The Attorney General (AG) KalekeniKaphale says government is shocked by Human Rights Defenders Coalition (HRDC) announcement to hold nationwide demonstrations from Wednesday to Friday next week.
Kaphale, in a telephone interview on Wednesday, said HRDC has rushed to set dates for their next demonstrations when the two sides have not met some of the conditions the Malawi Supreme Court of Appeal ordered them to honour in a 14-day moratorium it issued.
He said the two parties are yet to present to the court a document on the issues they agreed on during the last engagement meeting held last week at the United Nations (UN) offices in Lilongwe.
HRDC chairperson Timothy Mtambo on Wednesday announced at a press briefing that following the expiry of the Malawi Supreme Court of Appeal 14-day moratorium on the protests to force Malawi Electoral Commission chairperson Jane Ansah to resign, the grouping will hold three-day nationwide demonstrations next week.
He said: “This is the two million march that failed to take place. We will hold mass protests until Ansah and her team resign. We said that if they don’t resign, we will use an incremental approach strategy until they step down.”
But Kaphale said HRDC has a questionable motive.
Said the AG: “To be honest, they were not engaging in good faith. The court said we should agree and present to it what we had agreed. But they have announced dates for demonstrations before we have gone back to court.”
The AG, who filed an application to restrain HRDC from holding any further protests, alleged that HRDC has also not alerted police on the matter, a development he feels the human rights activists were not engaging in good faith.
On why they did not go back to court within the stated time, the AG said the responsible judge has not been in office until Wednesday.
But HRDC lawyer Khwima Mchizi dismissed Kaphale’s claim, saying the AG is trying to take a strange approach which the court did not direct when it issued the moratorium.
He said: “I think the AG is taking a wrong approach. The court said we should discuss within 14 days and there is nowhere it mentioned that we should not announce dates for demonstrations after discussions.”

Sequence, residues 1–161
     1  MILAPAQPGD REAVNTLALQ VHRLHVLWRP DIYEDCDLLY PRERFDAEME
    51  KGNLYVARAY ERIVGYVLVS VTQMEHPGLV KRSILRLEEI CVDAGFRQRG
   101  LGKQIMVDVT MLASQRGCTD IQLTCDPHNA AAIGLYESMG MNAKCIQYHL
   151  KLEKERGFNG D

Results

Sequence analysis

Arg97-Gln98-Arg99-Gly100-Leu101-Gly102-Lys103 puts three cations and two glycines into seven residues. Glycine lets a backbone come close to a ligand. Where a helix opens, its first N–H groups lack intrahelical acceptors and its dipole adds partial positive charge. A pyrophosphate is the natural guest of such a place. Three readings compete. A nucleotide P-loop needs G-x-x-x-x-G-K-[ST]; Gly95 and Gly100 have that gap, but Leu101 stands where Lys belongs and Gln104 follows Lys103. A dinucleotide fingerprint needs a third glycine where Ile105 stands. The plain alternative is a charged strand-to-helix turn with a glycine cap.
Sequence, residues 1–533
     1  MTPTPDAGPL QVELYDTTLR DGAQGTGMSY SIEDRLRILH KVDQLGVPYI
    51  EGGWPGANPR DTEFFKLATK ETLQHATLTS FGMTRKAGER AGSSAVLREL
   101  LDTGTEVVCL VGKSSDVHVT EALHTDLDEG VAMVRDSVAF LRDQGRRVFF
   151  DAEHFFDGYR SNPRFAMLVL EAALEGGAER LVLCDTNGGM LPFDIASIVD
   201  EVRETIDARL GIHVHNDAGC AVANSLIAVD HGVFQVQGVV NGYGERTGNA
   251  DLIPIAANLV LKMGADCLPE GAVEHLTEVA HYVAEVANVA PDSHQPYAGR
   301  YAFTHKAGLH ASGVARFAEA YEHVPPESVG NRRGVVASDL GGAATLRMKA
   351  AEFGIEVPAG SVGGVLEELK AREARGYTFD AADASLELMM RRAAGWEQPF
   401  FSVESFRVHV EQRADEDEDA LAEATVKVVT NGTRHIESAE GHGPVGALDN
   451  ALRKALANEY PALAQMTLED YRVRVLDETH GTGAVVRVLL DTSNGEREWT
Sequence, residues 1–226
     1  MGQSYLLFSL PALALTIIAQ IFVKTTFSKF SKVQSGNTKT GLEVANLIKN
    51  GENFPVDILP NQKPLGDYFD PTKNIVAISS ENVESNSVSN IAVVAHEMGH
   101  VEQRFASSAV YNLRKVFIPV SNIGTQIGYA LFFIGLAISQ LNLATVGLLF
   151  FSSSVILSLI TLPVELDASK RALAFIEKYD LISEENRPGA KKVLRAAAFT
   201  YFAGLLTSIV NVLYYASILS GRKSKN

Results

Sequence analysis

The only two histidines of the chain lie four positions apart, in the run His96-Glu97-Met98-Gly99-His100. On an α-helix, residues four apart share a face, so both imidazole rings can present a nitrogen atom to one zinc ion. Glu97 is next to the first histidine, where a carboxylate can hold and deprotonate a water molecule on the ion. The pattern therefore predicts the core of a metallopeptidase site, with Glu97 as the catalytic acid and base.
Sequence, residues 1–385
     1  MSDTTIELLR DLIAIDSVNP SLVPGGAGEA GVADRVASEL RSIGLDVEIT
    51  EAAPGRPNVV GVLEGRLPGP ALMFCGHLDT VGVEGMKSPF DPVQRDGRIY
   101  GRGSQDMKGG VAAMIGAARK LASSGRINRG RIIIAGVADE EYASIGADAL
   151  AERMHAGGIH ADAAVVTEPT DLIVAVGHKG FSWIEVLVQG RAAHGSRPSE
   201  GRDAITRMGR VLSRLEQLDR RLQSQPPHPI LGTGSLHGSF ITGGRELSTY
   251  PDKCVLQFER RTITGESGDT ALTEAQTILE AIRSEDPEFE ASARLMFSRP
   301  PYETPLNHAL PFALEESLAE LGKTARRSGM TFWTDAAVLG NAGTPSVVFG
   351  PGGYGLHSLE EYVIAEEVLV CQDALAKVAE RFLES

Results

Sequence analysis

Despite President Peter Mutharika making it clear that he will not fire Ansah, HRDC has vowed to continue with the protests until the MEC chair and her team resign.
The demonstrations were suspended following the 14-day moratorium which prevented HRDC leaders from holding protests until they agree with the government side on modalities for holding violent-free demonstrations.
The moratorium elapsed on Tuesday this week, a development that has led HRDC leaders to swiftly set another series of nationwide protests to force Ansah and her team of commissioners to step down for allegedly overseeing a fraudulent May 21, 2019 elections.
Previous demonstrations were marred by severe destruction of property belonging to both government and the private sector. This influenced the AG to apply for an injunction restraining HRDC from holding further demonstrations.
Last week’s meeting ended on a good note as both sides agreed on modalities to ensure peaceful demonstrations.
Reverend McDonald Sembereka, one of HRDC organisers, assured in an interview yesterday that next week’s demonstrations will be peaceful as the Malawi Police Service committed not to use tears gas or any excessive force on demonstrators.
He said: “During the meeting, we agreed and disagreed on a number of issues. One of the issues that we did not agree on is the demand from government that we should provide marshals in the ratios of 1:50, but we said no to this.
“We also agreed that police should not provoke protesters or use any tear gas against demonstrators. Police agreed that they will not use any tears as has been the case.”
National Police spokesperson James Kadadzera refused to comment on whether police have committed to not provoke or use tear gas during the planned demonstrations.
He said: “I do not have any information on the new announcement about demonstrations.”
Meanwhile, Kaphale says government officials will meet to map the way forward on the matter. However, he did not elaborate the action his office will take.
The nationwide protests were halted at the eleventh hour two weeks ago while HRDC was mobilising two million people for a march in the country’s cities.
The demonstrations, which were scheduled to take place at the country’s airports and border posts, were also stopped by an injunction that Malawi Revenue Authority (MRA), Airport Development Limited, and National Oil Company of Malawi (Nocma) took.